This week's row2k Interview is with MIT Lightweight senior Richard Sollee. We talk with Sollee on racing for MIT, setting a 100k erg world record, and more.
row2k - How did you get your start in rowing?
Richard Sollee - As a kid I was not into sports and did not do any until my dad signed me up for being a part of a summer swim team in middle school. In middle school, most of my friends rowed and in the spring of 8th grade I figured I would give it a try. I was decent at it and immediately fell in love with the sport and knew I had found an area to put my free energy into. We went through a lot of coaching changes in my initial years but since my Junior year the program has been under great leadership and many of my favorite rowing memories were made during my time at Bolles.
row2k - How did you decide to attend MIT?
Richard Sollee - I always knew I wanted to attend an academically challenging college, where I could also row. This narrowed down my options, but it still left plenty of difficult doors open to decide between. When I came on my MIT official visit, I knew this was the place for me. I loved that the people on the team were very passionate about rowing and could talk about it for ages. However, they also had other interests and projects that they enjoyed working on and could tell you about. Besides enjoying the team atmosphere, I knew I wanted to major in Computer Science and since MIT is extremely well known for their Computer Science program, I knew it would be a great fit.
row2k - You set a 100k world record on the erg, what was that experience like and do you have any advice for anyone thinking about attempting that workout?
Richard Sollee - The whole thing was a surreal experience overall. After we got sent home because of the beginning of the spread of COVID, I decided I would have a go at the 19&under 100k record since we no longer had a 2k season to train for. I had already been eyeing the record since the winter because of how my steady state was feeling and I had convinced myself that it was a very achievable goal. Looking back at it there weren’t too many indicators that it would go as well as it did besides my self-confidence and that I had a relatively strong base. My main training for it consisted of low rate, high power pieces (to be able to do the piece at a relatively low rate to avoid wasting energy from moving up the slide at higher rates) and longer steady state pieces for general base work. The longest piece I did as prep during the buildup was 3x10k with 1’ rest but I had done a marathon distance erg before Christmas, so I had some idea of what it was like to erg for longer.
For the record attempt, I decided to treat it as 10x10k with 1’ of rest in between each to eat some energy snacks so I needed to base the 10ks at sub 1:57 to hit my target of sub 2:00 avg split. During the piece I watched a couple movies and then decided to switch to just music because I was able to maintain my flow better. The energy waffles I was eating made me a bit queasy a while in so I then only had Gatorade chews as food energy (which resulted in me crashing a bit during the last 10k). It is still crazy to me when I think back to the idea of me sitting on the erg that long and that I actually did it and finished in 6:39:30.5 with an average split of 1:59.8.
row2k - What do you like most about the sport of rowing?
Richard Sollee - For me, the big draw of rowing is that it is the perfect combination of a team and individual sport. In team sports like basketball, tracking individual progress can be difficult because your performance in a game can be heavily influenced by the opponent, your teammates, and many indicators of performance are relative instead of absolute. Completely individual sports can be isolating though, especially if you are not the top of your team so you go into events knowing someone else on your team is probably going to win instead of you. Rowing is amazing because the erg allows objective, individual metrics that you can work on improving, but while racing big boats you must work together with your teammates who are relying on you - because the boat is only as strong as the weakest link.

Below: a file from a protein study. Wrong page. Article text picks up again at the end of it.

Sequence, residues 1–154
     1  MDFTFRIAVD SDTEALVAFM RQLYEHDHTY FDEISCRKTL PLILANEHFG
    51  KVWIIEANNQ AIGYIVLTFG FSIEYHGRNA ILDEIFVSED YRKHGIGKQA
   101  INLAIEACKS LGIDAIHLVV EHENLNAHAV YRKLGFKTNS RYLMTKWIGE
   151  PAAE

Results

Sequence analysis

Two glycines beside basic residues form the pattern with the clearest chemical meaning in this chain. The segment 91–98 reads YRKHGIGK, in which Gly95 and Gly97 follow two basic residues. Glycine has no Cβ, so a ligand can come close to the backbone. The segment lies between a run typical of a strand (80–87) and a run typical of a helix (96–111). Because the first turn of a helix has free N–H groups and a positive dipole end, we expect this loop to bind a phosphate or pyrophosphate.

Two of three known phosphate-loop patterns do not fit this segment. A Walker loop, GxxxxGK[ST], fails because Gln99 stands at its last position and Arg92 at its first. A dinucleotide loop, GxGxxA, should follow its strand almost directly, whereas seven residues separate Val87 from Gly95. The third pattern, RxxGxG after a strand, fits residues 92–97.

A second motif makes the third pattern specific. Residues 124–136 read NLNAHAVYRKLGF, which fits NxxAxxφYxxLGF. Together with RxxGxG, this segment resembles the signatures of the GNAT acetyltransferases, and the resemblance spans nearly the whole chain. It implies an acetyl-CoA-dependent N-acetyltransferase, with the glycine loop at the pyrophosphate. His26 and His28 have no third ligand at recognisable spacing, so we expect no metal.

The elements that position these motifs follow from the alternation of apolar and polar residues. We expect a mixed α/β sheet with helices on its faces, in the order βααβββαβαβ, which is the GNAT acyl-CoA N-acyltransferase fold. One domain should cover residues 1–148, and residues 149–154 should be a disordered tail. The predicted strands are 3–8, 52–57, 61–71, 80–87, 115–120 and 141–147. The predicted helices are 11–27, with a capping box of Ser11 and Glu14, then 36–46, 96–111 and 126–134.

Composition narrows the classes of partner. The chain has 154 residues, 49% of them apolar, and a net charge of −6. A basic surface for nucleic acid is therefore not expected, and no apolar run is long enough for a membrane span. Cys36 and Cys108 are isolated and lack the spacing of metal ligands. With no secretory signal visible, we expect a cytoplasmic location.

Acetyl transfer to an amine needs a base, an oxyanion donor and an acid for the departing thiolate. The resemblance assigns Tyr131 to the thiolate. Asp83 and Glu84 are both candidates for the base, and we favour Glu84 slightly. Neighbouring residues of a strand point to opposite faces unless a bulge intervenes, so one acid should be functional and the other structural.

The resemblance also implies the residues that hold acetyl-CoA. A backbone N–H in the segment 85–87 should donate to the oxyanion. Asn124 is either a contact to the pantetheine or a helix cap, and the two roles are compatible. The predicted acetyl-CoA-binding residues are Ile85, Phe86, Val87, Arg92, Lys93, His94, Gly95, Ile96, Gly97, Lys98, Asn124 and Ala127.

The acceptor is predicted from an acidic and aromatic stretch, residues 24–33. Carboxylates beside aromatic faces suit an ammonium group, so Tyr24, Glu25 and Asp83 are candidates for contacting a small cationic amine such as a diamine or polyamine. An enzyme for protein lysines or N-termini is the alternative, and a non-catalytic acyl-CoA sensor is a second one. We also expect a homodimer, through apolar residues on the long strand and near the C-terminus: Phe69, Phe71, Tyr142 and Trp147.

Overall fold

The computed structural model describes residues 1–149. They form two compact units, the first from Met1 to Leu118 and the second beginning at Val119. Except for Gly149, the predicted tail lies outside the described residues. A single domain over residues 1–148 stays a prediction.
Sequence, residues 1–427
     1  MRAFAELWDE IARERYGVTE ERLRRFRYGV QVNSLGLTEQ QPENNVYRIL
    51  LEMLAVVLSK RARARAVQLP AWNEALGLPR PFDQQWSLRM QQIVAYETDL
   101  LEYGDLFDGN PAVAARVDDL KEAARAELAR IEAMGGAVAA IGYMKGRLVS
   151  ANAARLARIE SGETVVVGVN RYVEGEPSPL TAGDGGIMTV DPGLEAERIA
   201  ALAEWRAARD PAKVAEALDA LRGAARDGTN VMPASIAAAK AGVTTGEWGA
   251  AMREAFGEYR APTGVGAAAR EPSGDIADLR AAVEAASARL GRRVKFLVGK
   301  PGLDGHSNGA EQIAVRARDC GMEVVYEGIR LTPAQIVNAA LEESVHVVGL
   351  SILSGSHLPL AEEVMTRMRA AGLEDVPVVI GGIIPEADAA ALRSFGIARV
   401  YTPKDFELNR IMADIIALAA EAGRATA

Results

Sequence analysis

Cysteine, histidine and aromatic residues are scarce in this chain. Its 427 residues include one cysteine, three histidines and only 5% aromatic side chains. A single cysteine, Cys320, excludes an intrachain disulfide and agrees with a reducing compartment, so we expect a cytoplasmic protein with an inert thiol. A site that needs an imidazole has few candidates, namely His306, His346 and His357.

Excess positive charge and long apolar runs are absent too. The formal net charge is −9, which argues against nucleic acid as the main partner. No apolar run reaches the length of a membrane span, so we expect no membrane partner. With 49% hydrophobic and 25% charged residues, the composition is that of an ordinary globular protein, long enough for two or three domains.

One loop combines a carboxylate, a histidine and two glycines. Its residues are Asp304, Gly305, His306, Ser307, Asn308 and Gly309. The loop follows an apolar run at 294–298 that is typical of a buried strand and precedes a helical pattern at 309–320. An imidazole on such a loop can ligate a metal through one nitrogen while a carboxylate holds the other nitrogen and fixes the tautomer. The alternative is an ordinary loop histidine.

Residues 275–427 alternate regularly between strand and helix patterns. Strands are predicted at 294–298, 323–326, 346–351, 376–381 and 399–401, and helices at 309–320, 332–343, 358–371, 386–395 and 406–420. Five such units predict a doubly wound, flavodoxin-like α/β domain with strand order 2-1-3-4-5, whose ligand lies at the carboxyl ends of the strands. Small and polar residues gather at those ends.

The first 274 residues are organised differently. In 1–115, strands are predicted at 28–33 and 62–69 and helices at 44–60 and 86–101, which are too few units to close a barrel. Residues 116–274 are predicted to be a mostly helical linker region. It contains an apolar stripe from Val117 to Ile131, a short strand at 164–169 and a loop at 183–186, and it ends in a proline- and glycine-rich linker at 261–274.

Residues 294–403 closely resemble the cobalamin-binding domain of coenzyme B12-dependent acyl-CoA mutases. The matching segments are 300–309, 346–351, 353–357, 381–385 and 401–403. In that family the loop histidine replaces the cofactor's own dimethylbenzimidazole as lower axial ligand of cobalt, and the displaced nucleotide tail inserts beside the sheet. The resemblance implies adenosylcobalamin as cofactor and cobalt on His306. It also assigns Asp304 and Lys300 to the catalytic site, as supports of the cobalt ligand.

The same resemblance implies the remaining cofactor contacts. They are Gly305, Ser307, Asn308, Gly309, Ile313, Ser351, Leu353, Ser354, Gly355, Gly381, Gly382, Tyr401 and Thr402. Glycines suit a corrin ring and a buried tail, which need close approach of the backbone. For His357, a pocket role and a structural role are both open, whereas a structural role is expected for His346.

row2k - What has been your most memorable race and why?
Richard Sollee - The Lightweight 8+ at Dad Vail 2022 was extremely memorable because of all the things we encountered leading into the race. The race only had Mercyhurst as another entry so it was a chance to dual against them despite already losing to them twice earlier in the season. We had faced them at the Lightweight Invitational where we lost by a wide margin. Then we faced them again at Knecht Cup where they out-sprinted us for second place. Both these races gave us a chip on our shoulder that we were itching to remove. But to compound the issue, half our port side caught COVID the week before. Their first day cleared to practice was the day to travel and weigh in, so we had not been in our lineup for a while going into race weekend. However, our practices on course the day before were our best practices as a boat that we had ever had and it felt like things were meshing well. On race day, we came together to make a move off of the start and gain a solid margin before the bridge. They started to creep up during the sprint, but we had established a large enough gap early on to maintain around a three-quarters length lead at the finish.
row2k - What are you studying at MIT and do you have any plans for after graduation?
Richard Sollee - I am double majoring in Computer Science and Physics. I came in just planning on Computer Science but after taking one of the intro physics classes I decided to take more physics classes and soon I found myself declaring a double major. My current plan is to continue at MIT for one more year to get my Master of Engineering in Computer Science and continue on the rowing team to get to use another year of my eligibility which I didn’t get to use due to COVID season cancellations.